UC Irvine’s DREAM Center, a resource hub for undocumented students, held a grand opening last Monday, Sept. 4 at their new facility next to the FRESH Basic Needs Hub in Lot 5.
Students were invited to take selfies in the center and share their experience on social media. Tables were also set up where students could write encouraging notes and wishes to the center and undocumented students.
The highlight of the event was an exhibit by Arizona artist Deborah McCullough. As a Tucson Samaritan volunteer for 14 years, McCullough walks into the desert to offer water, food and aid to any migrants crossing the border. The exhibit featured art made from items McCullough had collected in the Arizona desert.
“Deborah’s artwork is an expression of her activism and commitment to educate people about the ongoing suffering in the Arizona desert,” said DREAM Center director Oscar Teran.
Teran also introduced Teresa Lefranc, a local “artivist” who read a poem she had written after witnessing McCullough’s work.
Lefranc’s “Migrant in the Desert” reads, “Today I walked in your shoes. You were no longer a stranger. I saw your face. You revealed to me your name. I gazed at your belongings, followed letters, documents. I found makeshift altars, bibles, religious articles. Everything left behind along the trail. Suddenly I understood. They were no longer common objects. They had become sacred things, offerings. They were there as silent witnesses of a life. A life that had faded away untimely, I do not know. I can only kneel down, lift up a prayer to heaven and cry, cry at such indifference.”
Next, McCullough talked about her experience as a volunteer.
“In 2003, more and more people were being found dead in the desert. Hundred of people were being brought to the hospitals in Tucson with kidney failure, debilitating blisters, broken limbs and dehydration,” she said. “Humanitarian activists knew that the government believed that severe suffering and death would deter the crossers. The numbers of deaths in the desert skyrocketed.”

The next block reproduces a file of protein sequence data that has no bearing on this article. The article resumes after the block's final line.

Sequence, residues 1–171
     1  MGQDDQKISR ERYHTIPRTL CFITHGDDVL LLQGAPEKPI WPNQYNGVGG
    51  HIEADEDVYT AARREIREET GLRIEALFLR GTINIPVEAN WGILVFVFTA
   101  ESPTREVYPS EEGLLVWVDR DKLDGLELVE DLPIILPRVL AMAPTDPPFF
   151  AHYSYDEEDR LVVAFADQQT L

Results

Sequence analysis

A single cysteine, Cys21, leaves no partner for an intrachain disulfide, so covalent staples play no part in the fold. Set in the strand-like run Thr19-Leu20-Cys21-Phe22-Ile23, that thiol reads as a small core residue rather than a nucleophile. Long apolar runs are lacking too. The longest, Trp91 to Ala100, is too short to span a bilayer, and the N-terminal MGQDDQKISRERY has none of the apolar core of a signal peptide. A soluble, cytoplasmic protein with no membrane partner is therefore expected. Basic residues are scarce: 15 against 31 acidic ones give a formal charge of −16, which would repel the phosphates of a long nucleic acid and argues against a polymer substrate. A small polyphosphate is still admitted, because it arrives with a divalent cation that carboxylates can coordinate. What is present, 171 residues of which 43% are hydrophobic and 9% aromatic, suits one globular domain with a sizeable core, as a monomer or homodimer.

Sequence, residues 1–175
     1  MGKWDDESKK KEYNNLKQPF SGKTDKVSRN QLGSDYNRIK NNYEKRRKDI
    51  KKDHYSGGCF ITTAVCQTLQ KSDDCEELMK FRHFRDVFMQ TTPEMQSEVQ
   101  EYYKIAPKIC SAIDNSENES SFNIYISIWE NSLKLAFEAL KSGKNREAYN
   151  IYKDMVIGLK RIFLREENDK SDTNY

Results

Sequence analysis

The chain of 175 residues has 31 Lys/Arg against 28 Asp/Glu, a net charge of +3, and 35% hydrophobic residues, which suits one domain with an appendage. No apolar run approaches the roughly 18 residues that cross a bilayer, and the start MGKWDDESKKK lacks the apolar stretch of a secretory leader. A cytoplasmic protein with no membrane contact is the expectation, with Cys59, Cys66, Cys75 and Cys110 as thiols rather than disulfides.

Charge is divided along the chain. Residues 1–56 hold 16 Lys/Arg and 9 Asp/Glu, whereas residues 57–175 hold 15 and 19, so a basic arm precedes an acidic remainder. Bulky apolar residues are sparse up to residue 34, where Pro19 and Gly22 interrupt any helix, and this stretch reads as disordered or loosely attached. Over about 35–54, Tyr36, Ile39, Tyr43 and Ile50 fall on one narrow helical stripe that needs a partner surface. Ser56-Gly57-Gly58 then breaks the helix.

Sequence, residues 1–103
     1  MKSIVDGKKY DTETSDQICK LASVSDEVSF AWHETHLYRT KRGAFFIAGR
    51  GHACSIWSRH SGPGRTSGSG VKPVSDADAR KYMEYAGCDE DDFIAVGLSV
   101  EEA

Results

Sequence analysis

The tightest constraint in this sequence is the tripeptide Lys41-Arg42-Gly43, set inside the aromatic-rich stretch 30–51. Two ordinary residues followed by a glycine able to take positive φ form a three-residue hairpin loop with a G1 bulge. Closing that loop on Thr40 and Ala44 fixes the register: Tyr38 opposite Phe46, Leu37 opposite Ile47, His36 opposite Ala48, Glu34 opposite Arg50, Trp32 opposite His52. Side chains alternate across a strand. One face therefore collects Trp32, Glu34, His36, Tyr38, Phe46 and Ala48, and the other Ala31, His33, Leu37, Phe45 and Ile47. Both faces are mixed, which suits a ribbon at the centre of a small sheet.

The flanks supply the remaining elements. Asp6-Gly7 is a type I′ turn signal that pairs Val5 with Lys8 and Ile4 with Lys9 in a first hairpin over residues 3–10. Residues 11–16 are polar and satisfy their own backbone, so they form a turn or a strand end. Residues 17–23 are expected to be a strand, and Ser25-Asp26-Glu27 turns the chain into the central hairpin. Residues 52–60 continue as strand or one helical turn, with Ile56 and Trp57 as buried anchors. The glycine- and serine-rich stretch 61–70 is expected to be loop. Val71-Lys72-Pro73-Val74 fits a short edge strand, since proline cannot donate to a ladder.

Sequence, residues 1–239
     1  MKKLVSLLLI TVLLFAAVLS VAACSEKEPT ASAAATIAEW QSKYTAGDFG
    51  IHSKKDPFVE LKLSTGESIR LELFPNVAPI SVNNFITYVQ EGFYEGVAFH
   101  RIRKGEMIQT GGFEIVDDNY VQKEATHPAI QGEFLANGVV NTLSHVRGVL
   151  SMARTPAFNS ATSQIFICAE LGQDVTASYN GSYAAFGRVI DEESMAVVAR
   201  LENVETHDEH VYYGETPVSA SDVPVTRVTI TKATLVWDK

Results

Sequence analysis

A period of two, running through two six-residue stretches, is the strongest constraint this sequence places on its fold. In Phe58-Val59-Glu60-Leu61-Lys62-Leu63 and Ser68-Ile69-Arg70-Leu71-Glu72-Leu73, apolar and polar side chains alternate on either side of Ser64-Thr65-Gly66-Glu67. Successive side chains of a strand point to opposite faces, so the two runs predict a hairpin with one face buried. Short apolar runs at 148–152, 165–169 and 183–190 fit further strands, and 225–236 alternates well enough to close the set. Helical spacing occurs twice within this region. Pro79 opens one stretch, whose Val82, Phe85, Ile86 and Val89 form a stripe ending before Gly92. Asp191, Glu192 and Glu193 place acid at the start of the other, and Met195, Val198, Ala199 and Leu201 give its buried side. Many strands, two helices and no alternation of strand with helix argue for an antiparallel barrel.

She also discussed the government’s response to these issues.
“Frankly, the government didn’t care and still doesn’t care… Government policies ignore human suffering.”
The exhibit displayed shoes worn by migrants, dirty and torn from miles of walking.
“This art is my way of taking a discarded item, what many people regard as trash, and recreating it. I clean it, brush off the dirt, remove the thorns and enshrine it in order to illustrate the agony and the courage of this journey that takes on a new meaning.”
With her art, McCullough hopes to increase awareness that the issues she discussed are still happening. People are still crossing and dying to this day. She also urged students to consider their role.
“I am yesterday’s activist. I came before you paving the way. Now I walk beside you and soon, I will walk behind you. You, the dreamers of tomorrow create dignity, safety, and respect for your parents and yourself in society as you claim your place out of the shadows.”